When Close-Ended RE Fund Managers Open Up
Open-ended real estate funds are popular with investors looking for liquidity, but they require a unique skill set from their close-ended peers.
Open-ended real estate funds, where investors can claim redemptions on a quarterly basis, have technically been around since the 1970s. But the lack of reliable valuations and inconsistent performance left only a handful operated by major financial groups standing when the dust settled.
Then, approximately 10 years ago, they reappeared as investors clamored for more liquidity, only to collide with the global financial crisis. As the market recovered, so did investor appetite. And plenty of managers running close-ended funds had a newfound appreciation for their steady income. Better yet, they could tap their current expertise to launch them.
Many firms found that their close-ended investors were hungry for them to launch an open-ended vehicle. “Investors are looking for products that offer solid income, as well as lower volatility,” says Merrill. “With that in mind, an open-end fund in our asset classes could offer a differentiated product that did not exist in the market.”
Open-ended funds tend to be more cyclical, so when paired with close–ended offerings, it can create an attractive diversification. Some investors will participate in both varieties with the same team. But that team does need a different set of talents to manage open-ended funds well.
“In ways, it’s more like running a publicly listed company,” says Hugh Macdonnell, a managing director and head of client capital management at Clarion Partners, a firm with a rare 30 cumulative years’ experience managing open-ended RE funds. He explains that the balance sheet issues and shareholder communication more closely resemble those of a publicly listed entity.
For example, valuations are generally conducted on a quarterly basis with the use of third-party valuation firms. “A standardized valuation process in the open-end fund industry has inspired confidence in valuations; this has been one of key factors in the success of this generation of open-end fund vehicles,” says Macdonnell. “It gives real integrity to the NAV.”
However, Macdonnell notes that, unlike a public company, an open-ended fund’s treasury is responsible for providing redemptions; they are not usually traded between investors. Before the close of a quarter investors will request redemptions, and typically at the end of the following quarter the fund’s treasury will pay those out.
Then there’s the matter of managing capital inflows on a quarterly basis, as well.
Some funds receive capital commitments quarterly, some even monthly. And investors can wait until the end of that quarter or period to formally commit that capital, making it hard to gauge a final tally. So long as their documentation is in order, many firms will take that commitment on the last day of the period.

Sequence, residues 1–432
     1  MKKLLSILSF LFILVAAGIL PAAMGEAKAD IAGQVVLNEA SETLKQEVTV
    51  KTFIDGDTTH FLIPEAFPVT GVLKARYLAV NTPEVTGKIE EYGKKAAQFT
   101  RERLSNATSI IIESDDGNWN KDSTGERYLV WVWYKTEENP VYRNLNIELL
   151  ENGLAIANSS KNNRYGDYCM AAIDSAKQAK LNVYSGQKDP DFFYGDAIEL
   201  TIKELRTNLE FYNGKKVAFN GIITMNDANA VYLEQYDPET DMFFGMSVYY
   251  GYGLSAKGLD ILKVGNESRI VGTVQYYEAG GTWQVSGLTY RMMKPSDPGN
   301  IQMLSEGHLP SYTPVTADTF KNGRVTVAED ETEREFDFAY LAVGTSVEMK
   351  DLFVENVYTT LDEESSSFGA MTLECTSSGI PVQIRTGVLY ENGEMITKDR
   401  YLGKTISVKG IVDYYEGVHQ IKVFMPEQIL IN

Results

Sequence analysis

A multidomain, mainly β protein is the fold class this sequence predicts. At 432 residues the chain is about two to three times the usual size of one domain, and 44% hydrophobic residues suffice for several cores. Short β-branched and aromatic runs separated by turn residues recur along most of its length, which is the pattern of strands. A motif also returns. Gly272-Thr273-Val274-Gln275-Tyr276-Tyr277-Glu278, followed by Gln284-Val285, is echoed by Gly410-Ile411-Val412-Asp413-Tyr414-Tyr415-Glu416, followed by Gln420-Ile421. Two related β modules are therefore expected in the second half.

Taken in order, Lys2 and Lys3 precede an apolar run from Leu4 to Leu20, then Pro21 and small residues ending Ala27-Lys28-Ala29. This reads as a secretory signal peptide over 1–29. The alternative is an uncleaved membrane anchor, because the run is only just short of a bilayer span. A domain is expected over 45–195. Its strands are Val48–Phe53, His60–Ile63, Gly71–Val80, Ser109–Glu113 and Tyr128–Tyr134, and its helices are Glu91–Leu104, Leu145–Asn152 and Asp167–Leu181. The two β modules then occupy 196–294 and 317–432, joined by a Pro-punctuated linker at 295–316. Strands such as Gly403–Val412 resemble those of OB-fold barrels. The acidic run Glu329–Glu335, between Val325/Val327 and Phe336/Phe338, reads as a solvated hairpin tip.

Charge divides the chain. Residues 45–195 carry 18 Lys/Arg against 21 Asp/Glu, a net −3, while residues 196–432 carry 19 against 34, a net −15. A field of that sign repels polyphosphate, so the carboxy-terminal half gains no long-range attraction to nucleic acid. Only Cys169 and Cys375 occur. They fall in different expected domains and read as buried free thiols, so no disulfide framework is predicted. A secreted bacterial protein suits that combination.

As unpredictable as capital inflows can be, the firms we spoke with are rigorous in gauging how much capital to target. Some only take in capital once a year, some set a target every quarter and some will put large amounts of capital in queues until they have opportunities to match it.
“Given our asset classes are smaller in nature and harder to access, it is important that we manage the amount of capital we raise so as not to alter our investment thesis,” says Merrill. Naturally, capital outflows can be even trickier to manage.
“Open-end funds are constantly buying and selling assets, so while real estate is generally an illiquid asset class, there are consistent opportunities to refresh our treasury,” says Macdonnell. In some cases, like in the wake of the financial crisis, managers will put gates up on capital outflows to avoid selling off a portfolio at a loss.
“You do have to communicate with investors about the integrity of liquidity events,” says Ryan Krauch, a principal at Mesa West Capital, which manages an open-ended mortgage debt vehicle, in addition to close-ended funds. As a debt fund, Mesa West uses loan repayments to meet redemptions. Market participants stress that no investor wants managers timing sales to liquidity events. Instead, it’s important for managers to explain how they’ll avoid the practice.
As popular as open-ended funds may be currently, most firms continue to their close–ended vehicles in order to offer different varieties of liquidity and risk profiles. The real test of their popularity will be when the broader market slows down and gates go up on redemptions, since there’s little difference between a closed fund and a “gated” one.
Open-ended real estate funds are popular with investors looking for liquidity, but experts say they require a unique skill set from their close-ended peers.
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